Cognitive Behaviour Therapy Examples and how it works

What is cognitive behaviour therapy?

Cognitive behavior therapy (CBT) is a kind of talk therapy (psychotherapy) that is generally used to change unhealthy thinking to healthy and positive thinking. Cognitive behaviour therapy examples include depression psychotherapy or CBT and anxiety CBT. The main assumption in CBT is negative thinking is a habit and that can be broken like other habits. 

Cognitive behavior therapy is very useful in treating anxiety, depression, stress, sleep disorders, OCD, and behavioral problems.

cognitivebehaviour therapy examples

Why we need CBT?

The insight therapies kind of fit our stereotype of somebody laying back on a couch and talking and working through issues and perhaps trying to get at underlying psychological problems. 

They’re more active, and they’re more directly related to the symptoms of the disorder. Psychoanalysis, where psychologists assume the symptoms arise from some deeper issue. Other methods of treating mental disorders include directly looking at symptoms, and trying to find ways using either rewards or associations to change the behavior, to change the symptoms.

Cognitive behavior therapy meaning? 

Cognitive Behavior Therapy, or CBT. It’s in fact a very dominant form of therapy. If we think about depression for a moment and imagine negative events happening in a person’s life, when something negative happens, there are sometimes rational beliefs about why that negative thing happened. 

Teaching people their irrational beliefs. Making them see the irrational beliefs they have. And trying to change those for much more useful cognitions that help them think about the world differently and ultimately do better. Psychoanalysis had the notion that the symptoms arise from some inner problem.

Scientific evaluation of cognitive behavior therapy suggests that for certain disorders like anxiety disorders and mood disorders CBT is very effective.

Cognitive behavior therapy examples

Suppose a boy (John) was with a group of friends and they are going to a party.  On the way John lashed out at somebody negatively, he said something nasty about them. And then he noticed his friends looking like they didn’t really like what John said and behaved.

So this could be a rational belief, John reacted too strongly and, this is like a sort of healthy, negative emotion. John needs to literally modify his behavior because that was too rude, too sharp. 

We all have irrational beliefs that make us over attribute to the wrong sources so some negative event happens. Imagine John is at a party and he is sitting there and then the police come somehow and his friends get in trouble. 

John thought that’s happened because of him. There’s something he can do, he thought he shouldn’t have gone to that party that somehow wherever he goes bad things happen. John thinks negativity follows me everywhere that negative event was due to my presence. That’s an irrational belief.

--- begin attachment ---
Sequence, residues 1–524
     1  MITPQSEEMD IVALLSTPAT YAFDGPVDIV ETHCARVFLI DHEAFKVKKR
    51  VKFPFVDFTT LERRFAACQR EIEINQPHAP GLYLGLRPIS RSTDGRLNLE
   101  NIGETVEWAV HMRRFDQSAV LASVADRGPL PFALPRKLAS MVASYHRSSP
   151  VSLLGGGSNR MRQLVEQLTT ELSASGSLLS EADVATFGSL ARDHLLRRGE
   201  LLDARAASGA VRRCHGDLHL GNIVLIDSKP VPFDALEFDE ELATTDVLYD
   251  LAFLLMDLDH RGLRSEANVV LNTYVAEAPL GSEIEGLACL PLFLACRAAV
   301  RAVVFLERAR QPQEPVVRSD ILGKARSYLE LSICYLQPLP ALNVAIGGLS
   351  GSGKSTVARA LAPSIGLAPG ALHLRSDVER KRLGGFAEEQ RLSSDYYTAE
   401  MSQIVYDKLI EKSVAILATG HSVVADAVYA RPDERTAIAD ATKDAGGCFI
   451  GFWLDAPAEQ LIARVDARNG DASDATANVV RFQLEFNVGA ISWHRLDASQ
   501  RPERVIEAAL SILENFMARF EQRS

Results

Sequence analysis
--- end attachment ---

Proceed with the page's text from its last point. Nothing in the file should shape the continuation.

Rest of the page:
Chances are unless you actually did something to bring the police to the party it was just chance. But some people especially people with depression show a lot of persistent irrational beliefs. They over attribute negative events to their behavior and themselves. That makes them feel really bad and it reinforces the negative events.

What is cognitive behavioral therapy for depression?

The above cognitive behaviour therapy examples, represents the mental state of John. Depressed people think any bad event happened because of me, I never do anything right, I’m useless. This perception makes them feel sad, terrible, tired and they can’t concentrate very well. 

Depressed people try to avoid society and people, stay in bed resulting in reduced activities. Every negative life event that happens, they attribute it to their own worthlessness, then they can keep this cycle going and going and going. 

These negative events just add fuel to these thoughts which are connected to behaviors. If we could somehow get the client to realize and properly think about the negative events then maybe we could break this cycle. Most depressed people overblow the negatives and they underappreciate the positives.

CBT-trained psychologists teach clients to take credit for some of the positivity and try to negativity slide. By doing this psychologists can break the cycle.

Conclusion 

CBT often can take a while to work. Someone has to learn to think of their cognitive state in a different way. So they have to be trained and that training can take a while. But when somebody successfully learns how to rethink things they can have a long-term way of dealing with things like depression without the need for drugs or anything. 

So for certain sorts of disorders, it’s not going to help a schizophrenic, a psychopath, but for certain kinds of disorders especially mood disorders and anxiety disorders, it can be very effective.

 Credits: shutterstock and istockphoto

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